The other thing that struck me was that, amazingly, we still had some books for children, in which the church building is not only mentioned and shown in the pictures, but plays an important role in the story. I was very disappointed that new books by John Patience were not available, I mean that he wrote them in the 80-ties and they were out of print since then. Luckily, I was able to buy the used copies of the other Fern Hollow books on Amazon. I became a huge fan, as the illustrations in all of these books are as beautiful as the stories themselves. None of them was disappointing. I even remember thinking that if I were an illustrator of children books (unfortunately I am not), I would like to to illustrate the books exactly like John Patience! 🙂

Now, the big news that I found out about recently, is, that last year, in 2019, John Patience started publishing his books again. I have not bought any of the newly printed, because we have them already in the used versions, but they are available now on Amazon. I am waiting for the newly printed books from his other series, ‘Rainbow’s End’, but this is different subject. I don’t want to mix things up too much.

John Patience’s illustrations are fantastic, they are exactly what I would call the real children book pictures. You have to see the SHOES in his illustrations. I  have never seen such interesting shoes anywhere. I would not mind wearing a pair like these myself 🙂

About Tales from Fern Hollow by John Patience illustrated by the author:

The Railway Series by The Rev. Wilbert Awdry

The Railway Series by The Rev. Wilbert Awdry

Little Bear by Else Holmelund Minarik illustrated by Maurice Sendak

Little Bear’s Friend by Else Holmelund Minarik illustrated by Maurice Sendak
Books about Little Bear by Else Holmelund Minarik illustrated by Maurice Sendak

Full of the goodness and peace of the family home, written in a beautiful, simple language, and wonderfully illustrated. That’s how I would describe the stories of the Little Bear’s life by Else Holmelund Minarik with pictures by Maurice Sendak. Else Holmelund Minarik (1920 – 2012) spent her long life in the United States, where she emigrated with parents from Denmark at the age of 4. Her most famous books are those about Little Bear, written in the 1950s and 1960s when she worked as a first grade teacher in Long Island, New York. The idea to write the first book came to her because she wanted to give students a story full of warmth and kindness for the holidays. She perceived that this was something they needed and it was impossible to find in the literature that she had to offer to them as a teacher. She distributed self-made copies of the first book about Little Bear among her students with her own illustrations. And later, the Bear, although so Little, somehow found his way to the wide world. The author once said: Little Bear is me in Denmark, where I was cuddled and loved.

About Little Bear by Else Holmelund Minarik:



Dr. Seuss: wise books for every age

Books by Dr. Seuss

Dr. Seuss exposes stupidity and evil. He does it with talent, truly brilliantly (I write in the present tense, because, although the author has already left us, the books are very much alive). His wise reflections get straight to the point. In addition, they are enhanced by illustrations impossible to forget. Plus, these books encourage thinking. Independent thinking, from which children are being discouraged these days. You can even say that it is beginning to be forbidden to children. That is why the books by Doctor Seuss, on which several generations have already learned to read, are invaluable.

More about Dr. Seuss books:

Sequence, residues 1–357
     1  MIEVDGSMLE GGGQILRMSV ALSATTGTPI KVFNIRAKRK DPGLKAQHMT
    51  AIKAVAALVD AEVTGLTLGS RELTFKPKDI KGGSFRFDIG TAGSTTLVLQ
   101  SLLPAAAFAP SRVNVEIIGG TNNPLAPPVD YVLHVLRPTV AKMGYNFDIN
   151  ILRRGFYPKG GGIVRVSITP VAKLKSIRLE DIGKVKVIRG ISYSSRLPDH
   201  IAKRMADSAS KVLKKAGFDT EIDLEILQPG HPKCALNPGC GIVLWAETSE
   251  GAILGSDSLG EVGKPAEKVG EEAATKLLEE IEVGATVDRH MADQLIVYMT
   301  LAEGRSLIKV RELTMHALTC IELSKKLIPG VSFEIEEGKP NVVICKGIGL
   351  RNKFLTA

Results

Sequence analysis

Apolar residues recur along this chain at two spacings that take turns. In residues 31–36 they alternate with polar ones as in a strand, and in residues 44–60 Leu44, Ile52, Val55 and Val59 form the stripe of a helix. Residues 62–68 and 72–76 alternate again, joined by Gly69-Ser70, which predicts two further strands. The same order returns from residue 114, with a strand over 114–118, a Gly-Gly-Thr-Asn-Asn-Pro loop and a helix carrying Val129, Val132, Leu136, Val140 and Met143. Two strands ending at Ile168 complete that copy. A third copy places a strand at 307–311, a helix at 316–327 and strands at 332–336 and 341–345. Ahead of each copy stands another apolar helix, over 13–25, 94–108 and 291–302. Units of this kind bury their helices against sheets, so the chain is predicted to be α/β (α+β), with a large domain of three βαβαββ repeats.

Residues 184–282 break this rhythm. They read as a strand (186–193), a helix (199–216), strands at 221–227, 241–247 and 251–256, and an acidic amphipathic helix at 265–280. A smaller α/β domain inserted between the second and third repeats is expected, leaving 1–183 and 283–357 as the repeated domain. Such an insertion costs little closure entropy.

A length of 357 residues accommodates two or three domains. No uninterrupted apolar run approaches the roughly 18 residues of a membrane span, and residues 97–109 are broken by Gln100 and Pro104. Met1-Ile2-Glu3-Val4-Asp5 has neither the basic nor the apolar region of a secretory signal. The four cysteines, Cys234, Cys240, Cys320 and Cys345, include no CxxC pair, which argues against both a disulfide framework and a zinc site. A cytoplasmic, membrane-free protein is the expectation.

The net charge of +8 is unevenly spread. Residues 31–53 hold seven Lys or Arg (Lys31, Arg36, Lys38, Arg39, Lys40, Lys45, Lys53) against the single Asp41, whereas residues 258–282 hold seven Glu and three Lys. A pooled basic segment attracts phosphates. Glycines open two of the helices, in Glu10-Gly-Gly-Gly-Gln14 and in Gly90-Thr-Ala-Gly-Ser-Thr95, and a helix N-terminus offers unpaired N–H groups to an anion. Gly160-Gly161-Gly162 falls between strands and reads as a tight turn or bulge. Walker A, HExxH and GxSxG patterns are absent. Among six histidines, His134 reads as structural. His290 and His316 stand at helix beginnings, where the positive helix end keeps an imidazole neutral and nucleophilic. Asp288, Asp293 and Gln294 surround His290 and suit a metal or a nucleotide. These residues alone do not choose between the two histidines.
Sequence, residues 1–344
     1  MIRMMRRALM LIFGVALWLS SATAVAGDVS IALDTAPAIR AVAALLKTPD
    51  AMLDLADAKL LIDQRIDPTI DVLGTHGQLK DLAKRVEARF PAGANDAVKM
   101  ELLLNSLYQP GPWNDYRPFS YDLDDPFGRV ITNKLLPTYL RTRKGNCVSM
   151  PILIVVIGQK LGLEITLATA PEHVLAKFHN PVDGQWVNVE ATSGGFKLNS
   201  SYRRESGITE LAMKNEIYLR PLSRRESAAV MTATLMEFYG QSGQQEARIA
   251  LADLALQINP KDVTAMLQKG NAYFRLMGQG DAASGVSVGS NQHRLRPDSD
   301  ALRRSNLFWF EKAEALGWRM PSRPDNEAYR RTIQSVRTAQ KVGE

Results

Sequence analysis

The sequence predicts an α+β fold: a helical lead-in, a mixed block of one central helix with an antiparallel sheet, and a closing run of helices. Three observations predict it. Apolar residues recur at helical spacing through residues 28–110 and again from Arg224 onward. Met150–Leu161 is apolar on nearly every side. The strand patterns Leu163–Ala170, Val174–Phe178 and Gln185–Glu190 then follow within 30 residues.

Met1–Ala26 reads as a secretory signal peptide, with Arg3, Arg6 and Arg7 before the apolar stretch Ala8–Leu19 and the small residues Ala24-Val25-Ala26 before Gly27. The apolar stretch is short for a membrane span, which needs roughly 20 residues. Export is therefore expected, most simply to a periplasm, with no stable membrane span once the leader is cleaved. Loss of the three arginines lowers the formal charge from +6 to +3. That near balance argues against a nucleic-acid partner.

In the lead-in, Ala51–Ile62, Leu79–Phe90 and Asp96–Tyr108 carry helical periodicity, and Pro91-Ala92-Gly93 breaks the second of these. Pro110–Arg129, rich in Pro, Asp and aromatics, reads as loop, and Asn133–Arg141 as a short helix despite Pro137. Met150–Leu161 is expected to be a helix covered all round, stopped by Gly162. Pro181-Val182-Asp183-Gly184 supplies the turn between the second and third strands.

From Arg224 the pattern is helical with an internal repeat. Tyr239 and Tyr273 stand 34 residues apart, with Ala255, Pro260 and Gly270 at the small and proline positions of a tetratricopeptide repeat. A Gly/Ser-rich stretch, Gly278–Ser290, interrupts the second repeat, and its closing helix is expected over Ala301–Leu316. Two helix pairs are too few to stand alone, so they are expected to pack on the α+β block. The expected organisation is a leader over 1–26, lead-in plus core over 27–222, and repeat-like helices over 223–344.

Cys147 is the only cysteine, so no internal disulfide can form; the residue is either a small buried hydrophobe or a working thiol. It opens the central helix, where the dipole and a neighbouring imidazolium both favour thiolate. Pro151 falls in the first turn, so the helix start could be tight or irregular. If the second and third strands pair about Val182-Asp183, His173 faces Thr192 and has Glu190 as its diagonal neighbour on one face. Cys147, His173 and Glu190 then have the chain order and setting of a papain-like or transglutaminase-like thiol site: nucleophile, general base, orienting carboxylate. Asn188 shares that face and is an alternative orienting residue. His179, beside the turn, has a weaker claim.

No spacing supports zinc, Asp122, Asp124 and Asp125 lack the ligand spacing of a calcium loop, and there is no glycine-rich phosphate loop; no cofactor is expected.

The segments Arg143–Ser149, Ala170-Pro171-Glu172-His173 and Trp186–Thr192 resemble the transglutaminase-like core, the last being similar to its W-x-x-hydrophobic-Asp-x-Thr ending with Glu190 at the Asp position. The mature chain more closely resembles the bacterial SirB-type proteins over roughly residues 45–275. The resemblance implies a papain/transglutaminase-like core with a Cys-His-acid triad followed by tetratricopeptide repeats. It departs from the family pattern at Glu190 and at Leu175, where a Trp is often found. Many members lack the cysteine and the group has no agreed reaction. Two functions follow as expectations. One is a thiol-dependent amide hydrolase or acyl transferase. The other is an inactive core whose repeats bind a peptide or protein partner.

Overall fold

The Butter Battle Book by Dr. Seuss

The Butter Battle Book by Dr. Seuss

One of the many things this book does, is that it makes people think. Think by themselves and for themselves. Something which is not encouraged today. Like all Dr. Seuss books, it exposes stupidity and evil. In this case, of building unnecessary walls between groups of people. At the very end it shows how dangerous it is to follow the leader blindly (the whole population of the Yooks went obediently to the hole in the ground, quietly, in line, one by one, as instructed by the leader). Wonderful book. Just what the hungry minds of children, discouraged from thinking on the daily basis, need a lot!

more about The Butter Battle Book by Dr. Seuss:



How The Grinch Stole Christmas! by Dr. Seuss

How The Grinch Stole Christmas by Dr. Seuss

This is a very wise book. It reminds us that there is a Real meaning to Christmas and that materialism has nothing to do with it. Christmas is NOT about shopping. For years I thought that I knew everything about Dr. Seuss. Then I came across this book and oh, boy! I am glad I did. Fantastic book. Doctor Seuss at his best.

more about How The Grinch stole Christmas by Dr. Seuss:




The Weight of a Mass by Josephine Nobisso,

illustrations Katalin Szegedi

The Weight of a Mass by Josephine Nobisso, illustrations Katalin Szegedi

After the old woman asks the owner of the fanciest bakery in town to give her a crust of stale bread, the baker refuses. He laughs at her because she promises to offer one Holy Mass in exchange of bread. When she is ready to leave the shop, the owner mocks her even more, in front of his noble customers. He puts the piece of paper with the words “One Mass” scribbled on it, on one side of the scale and says that he will give her as much bread as the Mass is worth, according to his trusty brass scale. On the other tray he places the slice of bread. The scale shows that the scribble is heavier than the slice of bread. This does not change even after the baker loads the tray with all the pastry he can find in the store.

All this happened in the kingdom, whose king wanted to get married in the beautiful old cathedral, which usually stayed empty because people stopped praying and turned away from God. After the bakery incident was talked about all over town, people did some thinking and huge crowd attended the royal wedding Holy Mass. And maybe their cathedral was never empty after that. 

more about The Weight of a Mass by Josephine Nobisso: